### Re^2: Help with Matrix math!

by pc88mxer (Vicar)
 on Dec 17, 2007 at 05:04 UTC ( #657368=note: print w/replies, xml ) Need Help??

in reply to Re: Help with Matrix math!
in thread Help with Matrix math!

In this case you have to take into account the constraint on the vector x. The quadratic form xiDijxj is unbounded on Rn, so a derivative test (even with an Hessian test) is only going to find local extreme points, and there is no guarantee that those points will lie on the surface of interest (i.e. x'x = 1.) The difference is that for a point to be a local maximum when x is constrained, the derivative only needs to be zero when evaluated in the tangent space of the constraining surface at that point, not zero in every direction.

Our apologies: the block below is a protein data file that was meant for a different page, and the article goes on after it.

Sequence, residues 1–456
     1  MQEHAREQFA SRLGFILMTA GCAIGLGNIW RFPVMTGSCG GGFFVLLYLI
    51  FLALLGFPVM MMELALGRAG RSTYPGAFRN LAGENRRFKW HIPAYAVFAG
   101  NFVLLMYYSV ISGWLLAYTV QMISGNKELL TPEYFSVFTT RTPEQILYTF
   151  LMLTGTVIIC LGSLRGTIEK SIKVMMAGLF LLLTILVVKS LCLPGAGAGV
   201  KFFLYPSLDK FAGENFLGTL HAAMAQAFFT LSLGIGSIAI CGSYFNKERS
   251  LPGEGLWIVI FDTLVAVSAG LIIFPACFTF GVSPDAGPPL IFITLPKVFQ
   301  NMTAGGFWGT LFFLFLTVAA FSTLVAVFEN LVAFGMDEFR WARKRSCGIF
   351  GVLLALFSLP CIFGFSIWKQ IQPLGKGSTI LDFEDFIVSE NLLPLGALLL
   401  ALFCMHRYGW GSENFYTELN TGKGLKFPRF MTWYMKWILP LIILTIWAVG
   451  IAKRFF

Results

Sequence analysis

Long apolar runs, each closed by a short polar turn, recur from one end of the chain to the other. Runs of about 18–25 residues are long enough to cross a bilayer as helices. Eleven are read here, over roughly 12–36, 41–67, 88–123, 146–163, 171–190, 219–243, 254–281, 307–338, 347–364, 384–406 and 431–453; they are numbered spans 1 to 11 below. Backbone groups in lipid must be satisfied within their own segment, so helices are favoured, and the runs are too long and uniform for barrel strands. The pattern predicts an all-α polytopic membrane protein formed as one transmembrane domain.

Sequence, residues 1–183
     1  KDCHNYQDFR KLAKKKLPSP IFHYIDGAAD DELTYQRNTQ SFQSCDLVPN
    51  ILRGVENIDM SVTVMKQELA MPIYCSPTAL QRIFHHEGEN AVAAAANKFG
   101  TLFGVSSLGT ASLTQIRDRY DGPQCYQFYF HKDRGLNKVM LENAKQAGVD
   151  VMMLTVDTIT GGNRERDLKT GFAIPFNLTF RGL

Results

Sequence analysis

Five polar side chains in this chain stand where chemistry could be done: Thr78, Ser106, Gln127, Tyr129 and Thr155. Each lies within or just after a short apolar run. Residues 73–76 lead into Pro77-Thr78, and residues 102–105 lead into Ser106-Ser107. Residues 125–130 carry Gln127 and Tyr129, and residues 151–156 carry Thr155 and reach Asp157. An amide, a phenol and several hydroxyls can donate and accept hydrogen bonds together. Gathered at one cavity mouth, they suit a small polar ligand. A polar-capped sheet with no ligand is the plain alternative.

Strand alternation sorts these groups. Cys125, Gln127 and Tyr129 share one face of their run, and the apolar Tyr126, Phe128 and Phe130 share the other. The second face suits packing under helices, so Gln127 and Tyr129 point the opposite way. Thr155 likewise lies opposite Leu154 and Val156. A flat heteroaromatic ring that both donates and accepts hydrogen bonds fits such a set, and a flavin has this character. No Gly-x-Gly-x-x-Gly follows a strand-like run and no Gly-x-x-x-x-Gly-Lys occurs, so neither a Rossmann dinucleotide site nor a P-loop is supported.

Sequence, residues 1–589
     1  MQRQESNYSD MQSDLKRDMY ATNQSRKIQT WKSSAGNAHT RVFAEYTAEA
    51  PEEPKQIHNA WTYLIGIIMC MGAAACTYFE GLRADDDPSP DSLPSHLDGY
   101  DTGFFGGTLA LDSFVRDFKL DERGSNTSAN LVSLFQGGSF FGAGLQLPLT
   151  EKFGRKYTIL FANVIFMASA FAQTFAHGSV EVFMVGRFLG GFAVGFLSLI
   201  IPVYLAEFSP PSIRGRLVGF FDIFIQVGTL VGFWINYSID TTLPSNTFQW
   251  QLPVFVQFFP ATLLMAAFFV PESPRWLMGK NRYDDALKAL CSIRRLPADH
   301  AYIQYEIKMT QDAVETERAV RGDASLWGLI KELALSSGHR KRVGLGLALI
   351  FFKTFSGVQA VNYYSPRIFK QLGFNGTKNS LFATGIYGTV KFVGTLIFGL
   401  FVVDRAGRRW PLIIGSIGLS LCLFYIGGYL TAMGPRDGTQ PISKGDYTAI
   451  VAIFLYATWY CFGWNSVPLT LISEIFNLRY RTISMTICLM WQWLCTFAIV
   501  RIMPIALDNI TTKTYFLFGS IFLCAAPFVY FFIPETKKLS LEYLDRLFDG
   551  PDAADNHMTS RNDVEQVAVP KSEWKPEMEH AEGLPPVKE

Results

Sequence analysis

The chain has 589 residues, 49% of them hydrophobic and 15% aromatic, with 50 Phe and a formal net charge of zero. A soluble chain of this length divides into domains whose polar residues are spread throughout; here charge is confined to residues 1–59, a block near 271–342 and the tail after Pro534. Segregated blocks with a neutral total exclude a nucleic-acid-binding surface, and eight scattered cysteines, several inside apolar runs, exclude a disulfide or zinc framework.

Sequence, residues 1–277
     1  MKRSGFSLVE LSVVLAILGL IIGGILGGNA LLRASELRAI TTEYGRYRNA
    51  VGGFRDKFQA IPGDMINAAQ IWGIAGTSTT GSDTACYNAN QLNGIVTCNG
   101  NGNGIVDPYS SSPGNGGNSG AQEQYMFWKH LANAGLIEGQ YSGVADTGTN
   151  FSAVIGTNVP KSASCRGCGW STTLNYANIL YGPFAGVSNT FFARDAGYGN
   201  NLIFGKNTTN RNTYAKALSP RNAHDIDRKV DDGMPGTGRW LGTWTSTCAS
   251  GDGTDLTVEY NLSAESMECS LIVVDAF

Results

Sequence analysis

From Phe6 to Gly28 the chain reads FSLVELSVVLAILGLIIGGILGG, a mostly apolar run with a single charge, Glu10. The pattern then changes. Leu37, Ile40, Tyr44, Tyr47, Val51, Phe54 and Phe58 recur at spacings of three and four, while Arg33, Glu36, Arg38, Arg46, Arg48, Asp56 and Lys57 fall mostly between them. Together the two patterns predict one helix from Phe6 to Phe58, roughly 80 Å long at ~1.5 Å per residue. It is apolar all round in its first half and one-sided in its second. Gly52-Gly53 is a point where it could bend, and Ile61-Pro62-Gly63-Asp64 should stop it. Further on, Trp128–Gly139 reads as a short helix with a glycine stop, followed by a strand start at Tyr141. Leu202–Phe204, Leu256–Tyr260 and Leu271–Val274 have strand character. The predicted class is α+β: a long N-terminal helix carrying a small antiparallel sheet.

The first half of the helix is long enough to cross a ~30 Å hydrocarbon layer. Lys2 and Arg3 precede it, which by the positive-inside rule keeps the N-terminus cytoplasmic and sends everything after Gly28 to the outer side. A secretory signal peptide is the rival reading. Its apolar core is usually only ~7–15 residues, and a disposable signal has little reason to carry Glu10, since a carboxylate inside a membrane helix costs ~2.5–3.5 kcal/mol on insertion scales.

The standard way to include the surface constraint is to use Lagrangian multipliers.

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Re^3: Help with Matrix math!
by randyk (Parson) on Dec 18, 2007 at 01:41 UTC
I was thinking of the problem differently - find the extremal points of xDx, which leads to the eigenvalue equation Dx = 0. This equation doesn't determine xx completely, so one is free to impose, for example, xx = 1 as a normalization condition. But you're right that if xx = 1 is intended as a true constraint, then a method like Lagrange multipliers should be used.

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